Our German Teams work only with Google doc sheets or worksheets, with a table that contains rows and columns organized for episode number, deadline, parts with assigned subtitler or open parts where a subtitler can write in. (Not an excel sheet!)
Before that the whole team is written out, then the credit and whatever should be always the same (for exemple title of the drama).
Next basic subtitling rules and detailed rules for example in historical dramas, as for polite addressing and noble titling, and you can add each character with details for whatever purpose and a list of words that all subtitlers should maintain in unison… and of course the lyrics
You can set the document to “can edit or can suggest with a sharable link”.
Just try to play with the doc that would help you and your team, with experience you might add and take away things and it becomes more polished. - Also read the Team Notes in the Editor for helpful info and lyrics.
Yes, it’s as simple as that. Who ever is the Editor on the team should also get the right to edit the google doc. While subtitlers for example don’t necessarily need editing rights and you can send them the Read-only link for the document.
In my case, I ask the subtitlers to put their names near a part when they intend to translate it, and when they are finished, mark the percentage they have done. They also write any questions they have there. This means they must have the editing rights. But I know other moderators who just use these google docs or sheets as just an information database. It depends on how each of us works, there’s no hard and fast rule.
Here is an example.
The Status tab shows the progress.
Then there is the Useful tab, the frequent terms tab, the character tab, the subs tab (I keep all the previous subs when they are ready and edited, to use in case of flashbacks etc.), the OST tab, ready to copy-paste, my translation guidelines (formatting, Korean terms and other stuff) as well as other useful resources. For instance that is a drama about pickpockets and gangsters, so I have the Mafia glossary and low-life glossary. https://docs.google.com/spreadsheets/d/153rXBxMjaZAnPGPkPhlTz1ca7tojdtRakhGdA_eC03E/edit?usp=sharing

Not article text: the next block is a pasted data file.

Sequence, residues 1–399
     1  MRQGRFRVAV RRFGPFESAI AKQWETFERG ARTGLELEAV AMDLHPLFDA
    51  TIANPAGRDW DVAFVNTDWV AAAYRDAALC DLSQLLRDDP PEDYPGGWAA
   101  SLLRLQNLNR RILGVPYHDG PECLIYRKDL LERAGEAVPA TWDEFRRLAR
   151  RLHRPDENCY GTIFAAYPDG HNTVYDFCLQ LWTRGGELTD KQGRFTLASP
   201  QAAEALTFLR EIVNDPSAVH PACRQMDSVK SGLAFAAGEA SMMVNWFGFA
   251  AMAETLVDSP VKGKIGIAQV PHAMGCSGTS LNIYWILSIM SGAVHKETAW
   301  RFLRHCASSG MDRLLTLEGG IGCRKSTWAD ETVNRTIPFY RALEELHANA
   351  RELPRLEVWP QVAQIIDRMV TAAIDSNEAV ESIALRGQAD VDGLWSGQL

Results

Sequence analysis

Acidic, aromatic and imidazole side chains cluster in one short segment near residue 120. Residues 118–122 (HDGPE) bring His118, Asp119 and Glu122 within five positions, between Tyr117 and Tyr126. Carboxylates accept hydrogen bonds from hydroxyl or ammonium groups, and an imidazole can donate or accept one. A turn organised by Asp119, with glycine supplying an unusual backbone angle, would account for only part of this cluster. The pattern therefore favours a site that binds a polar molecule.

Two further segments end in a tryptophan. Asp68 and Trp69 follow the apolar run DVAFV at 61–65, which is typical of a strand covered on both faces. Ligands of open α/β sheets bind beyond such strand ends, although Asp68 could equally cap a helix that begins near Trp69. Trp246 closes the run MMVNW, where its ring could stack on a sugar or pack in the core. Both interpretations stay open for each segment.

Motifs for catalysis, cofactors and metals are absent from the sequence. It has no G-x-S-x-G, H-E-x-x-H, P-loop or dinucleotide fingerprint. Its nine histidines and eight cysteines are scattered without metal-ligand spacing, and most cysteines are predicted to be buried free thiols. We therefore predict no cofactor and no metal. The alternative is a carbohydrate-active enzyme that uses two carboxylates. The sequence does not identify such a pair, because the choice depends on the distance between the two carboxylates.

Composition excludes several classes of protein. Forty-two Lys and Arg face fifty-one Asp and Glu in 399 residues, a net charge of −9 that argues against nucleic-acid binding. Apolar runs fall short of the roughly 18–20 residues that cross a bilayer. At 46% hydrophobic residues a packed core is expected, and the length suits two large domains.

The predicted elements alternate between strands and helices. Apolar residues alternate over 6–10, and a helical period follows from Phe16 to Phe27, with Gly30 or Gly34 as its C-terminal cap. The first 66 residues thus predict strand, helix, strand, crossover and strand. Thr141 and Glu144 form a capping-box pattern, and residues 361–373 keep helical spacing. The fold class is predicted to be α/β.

As soon as a project is finished, I change the permissions and change them to “view only”.
False friends are terrible, because, like real-life human false friends, they give you a sense of security, so that you fall even deeper!
But do you understand Italian? I didn’t know.
The most terrible and most numerous false friends are between Spanish and Italian. Really really many and really really terrible.
Burro means butter in Italian but donkey in Spanish. (Butter in Spanish is mantequilla)
Largo means wide in Italian but long in Spanish. (Wide in Spanish is ancho).
Aceto means vinegar in Italian but Aceite is oil in Spanish. (While vinegar is vinagre).
Imbarazzo means embarrassment in Italian but embarazo means pregnancy in Spanish. You can guess what kind of misunderstandings can come from that one!
I didn’t know other languages face that because in my language (Arabic) all the moderators have amazing looking spreadsheets easy to access and are pleasant to look and add info to, everyone uses google spreadsheet
That’s how most spreadsheets look like in my language (I’m the one who did this one)
The characters names on the left, some common mistakes to avoid on the right, button references on the bottom of the image and the songs on the down right side.
And then the Parts and subber names and comments down.
And they also have easy to access links that can make others be able to edit it or only view it.